Tourist plan has finish post in sight

Newmarket's rich horseracing heritage has received a boost with multi-million pound plans to transform a historic stables site into a major tourist attraction.

Newmarket's rich horseracing heritage has received a boost with multi-million pound plans to transform a historic stables site into a major tourist attraction.

Built by King Charles II, the famous Palace House stables has stood derelict for more than 20 years.

But a £20m scheme by the Home of Horseracing Trust to breathe new life into the redundant site is set to jump the final hurdle next week.

If approved by Forest Heath District councillors, the proposals would see the relocation of the National Horse Racing Museum in the high street to larger premises at Palace House's outer yard, with the inner yard being used to house and retrain retired equine stars.

Peter Jensen, chairman of the Home of Horseracing Trust, said the proposals came after two years of detailed work to get support from the horseracing industry and sponsors to restore the Palace Street stables to their former glory.

"We are delighted that after many months of planning and design we are at a stage where we can announce our plans to return this unique and historic site to a fitting use that will complement Newmarket."

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"Not only will it create local jobs but add significantly to the life, vibrancy and most importantly the economy of the town and the region. This is a good example of the horseracing industry and the town working closely together," he said.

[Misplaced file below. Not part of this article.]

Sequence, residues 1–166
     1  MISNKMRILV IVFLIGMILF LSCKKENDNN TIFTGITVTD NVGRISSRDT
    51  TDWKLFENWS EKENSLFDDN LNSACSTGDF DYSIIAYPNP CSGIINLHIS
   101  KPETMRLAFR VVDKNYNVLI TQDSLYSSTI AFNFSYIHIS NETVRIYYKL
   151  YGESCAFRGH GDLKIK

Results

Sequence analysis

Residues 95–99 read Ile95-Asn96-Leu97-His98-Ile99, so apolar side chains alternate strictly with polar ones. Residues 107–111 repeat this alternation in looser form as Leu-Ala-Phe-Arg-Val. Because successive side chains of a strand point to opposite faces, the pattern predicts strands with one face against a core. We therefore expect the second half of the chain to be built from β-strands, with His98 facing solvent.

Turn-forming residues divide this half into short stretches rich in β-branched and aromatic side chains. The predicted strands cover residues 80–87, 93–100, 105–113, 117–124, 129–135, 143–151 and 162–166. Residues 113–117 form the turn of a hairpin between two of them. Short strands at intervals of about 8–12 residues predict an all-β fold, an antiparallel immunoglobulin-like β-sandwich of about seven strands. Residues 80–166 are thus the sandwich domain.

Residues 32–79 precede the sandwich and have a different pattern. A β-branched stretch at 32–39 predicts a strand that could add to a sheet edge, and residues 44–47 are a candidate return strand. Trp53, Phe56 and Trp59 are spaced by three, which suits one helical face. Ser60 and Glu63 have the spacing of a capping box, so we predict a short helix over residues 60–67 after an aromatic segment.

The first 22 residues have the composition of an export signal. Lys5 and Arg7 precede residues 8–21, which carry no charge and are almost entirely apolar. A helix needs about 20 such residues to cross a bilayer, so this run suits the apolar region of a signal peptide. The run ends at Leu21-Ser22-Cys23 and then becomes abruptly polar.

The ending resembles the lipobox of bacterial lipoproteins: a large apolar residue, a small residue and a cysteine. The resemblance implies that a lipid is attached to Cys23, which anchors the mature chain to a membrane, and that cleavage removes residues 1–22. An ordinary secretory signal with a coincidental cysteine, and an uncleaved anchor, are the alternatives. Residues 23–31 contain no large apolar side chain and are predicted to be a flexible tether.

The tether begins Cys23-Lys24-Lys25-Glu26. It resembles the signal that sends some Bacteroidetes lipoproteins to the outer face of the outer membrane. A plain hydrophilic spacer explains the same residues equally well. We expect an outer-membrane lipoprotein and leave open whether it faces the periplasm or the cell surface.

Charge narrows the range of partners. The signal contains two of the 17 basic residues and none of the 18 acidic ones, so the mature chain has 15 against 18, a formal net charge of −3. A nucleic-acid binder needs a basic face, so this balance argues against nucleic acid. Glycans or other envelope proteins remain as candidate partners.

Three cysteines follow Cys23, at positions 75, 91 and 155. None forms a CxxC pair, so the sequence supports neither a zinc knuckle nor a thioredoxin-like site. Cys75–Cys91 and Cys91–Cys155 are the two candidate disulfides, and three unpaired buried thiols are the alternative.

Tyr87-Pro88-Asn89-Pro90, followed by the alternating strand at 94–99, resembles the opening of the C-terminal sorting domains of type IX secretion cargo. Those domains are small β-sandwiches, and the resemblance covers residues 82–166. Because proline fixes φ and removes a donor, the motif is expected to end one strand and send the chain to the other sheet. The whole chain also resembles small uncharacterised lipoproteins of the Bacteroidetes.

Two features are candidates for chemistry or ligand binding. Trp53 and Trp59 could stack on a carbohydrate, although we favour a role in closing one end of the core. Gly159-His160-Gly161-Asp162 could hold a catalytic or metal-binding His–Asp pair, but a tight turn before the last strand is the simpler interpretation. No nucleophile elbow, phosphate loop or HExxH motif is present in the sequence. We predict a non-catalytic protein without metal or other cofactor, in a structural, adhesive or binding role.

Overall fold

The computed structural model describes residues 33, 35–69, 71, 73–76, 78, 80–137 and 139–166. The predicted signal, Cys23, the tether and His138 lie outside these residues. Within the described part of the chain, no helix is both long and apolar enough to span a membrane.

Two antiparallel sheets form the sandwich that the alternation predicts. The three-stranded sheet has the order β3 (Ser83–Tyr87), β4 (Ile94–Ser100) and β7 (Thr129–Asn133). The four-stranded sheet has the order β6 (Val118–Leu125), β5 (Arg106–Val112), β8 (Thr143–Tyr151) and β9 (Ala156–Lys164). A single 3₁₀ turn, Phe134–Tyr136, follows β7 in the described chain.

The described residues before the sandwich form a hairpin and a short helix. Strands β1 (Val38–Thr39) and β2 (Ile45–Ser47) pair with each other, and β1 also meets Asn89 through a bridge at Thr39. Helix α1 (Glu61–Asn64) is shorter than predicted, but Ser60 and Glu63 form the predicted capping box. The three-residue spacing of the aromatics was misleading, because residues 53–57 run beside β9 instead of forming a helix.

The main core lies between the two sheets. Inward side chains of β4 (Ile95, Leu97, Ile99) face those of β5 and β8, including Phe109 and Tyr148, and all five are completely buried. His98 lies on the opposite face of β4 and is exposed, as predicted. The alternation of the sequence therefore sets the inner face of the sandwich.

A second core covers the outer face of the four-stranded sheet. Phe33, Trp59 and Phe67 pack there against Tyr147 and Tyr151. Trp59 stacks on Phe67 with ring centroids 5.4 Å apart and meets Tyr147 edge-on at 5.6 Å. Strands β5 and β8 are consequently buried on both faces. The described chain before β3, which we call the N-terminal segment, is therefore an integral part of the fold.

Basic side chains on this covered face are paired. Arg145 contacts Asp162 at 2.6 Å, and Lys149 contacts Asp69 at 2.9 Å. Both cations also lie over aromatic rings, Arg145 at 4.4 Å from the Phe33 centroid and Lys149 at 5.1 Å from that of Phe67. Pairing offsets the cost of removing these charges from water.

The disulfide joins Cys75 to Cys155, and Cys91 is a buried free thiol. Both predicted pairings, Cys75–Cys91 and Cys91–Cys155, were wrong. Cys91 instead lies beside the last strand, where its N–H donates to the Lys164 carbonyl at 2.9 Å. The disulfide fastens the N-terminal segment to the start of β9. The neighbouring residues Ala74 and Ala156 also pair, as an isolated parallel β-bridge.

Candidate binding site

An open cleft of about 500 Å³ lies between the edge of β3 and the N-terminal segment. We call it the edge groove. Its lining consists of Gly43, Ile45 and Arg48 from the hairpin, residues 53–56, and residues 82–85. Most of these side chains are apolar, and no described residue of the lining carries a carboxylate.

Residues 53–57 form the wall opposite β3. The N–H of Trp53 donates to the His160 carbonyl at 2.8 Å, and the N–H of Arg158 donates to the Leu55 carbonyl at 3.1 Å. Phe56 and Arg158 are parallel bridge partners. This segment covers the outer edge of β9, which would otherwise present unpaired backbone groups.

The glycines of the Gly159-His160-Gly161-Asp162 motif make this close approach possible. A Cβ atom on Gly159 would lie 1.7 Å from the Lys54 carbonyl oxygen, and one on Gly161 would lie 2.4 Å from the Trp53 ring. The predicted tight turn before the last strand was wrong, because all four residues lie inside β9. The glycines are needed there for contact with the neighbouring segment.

The derelict 17th century stables in Palace Street have been empty since the late Bruce Hobbs retired from racehorse training in 1985 and have been subjected to many vandalism attacks.

The new plans would see the relocation of the British Sporting Art Trust painting collection to Palace House, which is currently used as an exhibition space and Tourist Information Centre.

The National Horseracing Museum, which is in High Street and attracts 11,000 visitors a year, will move into larger facilities at the stables with improved gallery and displays, expanded museum shops, education centre and restaurant.

Fifteen stable boxes will also be refurbished to enable visitors to see retired racehorses.

Warwick Hirst, Newmarket mayor, said: "I think this is something that will really get people talking once it is complete, and it is very exciting for the town.

"Nothing in East Anglia comes anywhere near some of the nation's bigger attractions, but the Palace House stables will really help put us up a notch."

If Forest Heath councillors give the go-ahead on Wednesday, the Home of Horseracing Trust, which is made up of council, museum and racing community officials, will sign a 999- year lease for the land. The trust will then seek funding from the Heritage Lottery Fund, Europe, private donors and a public funding campaign to realise the proposals.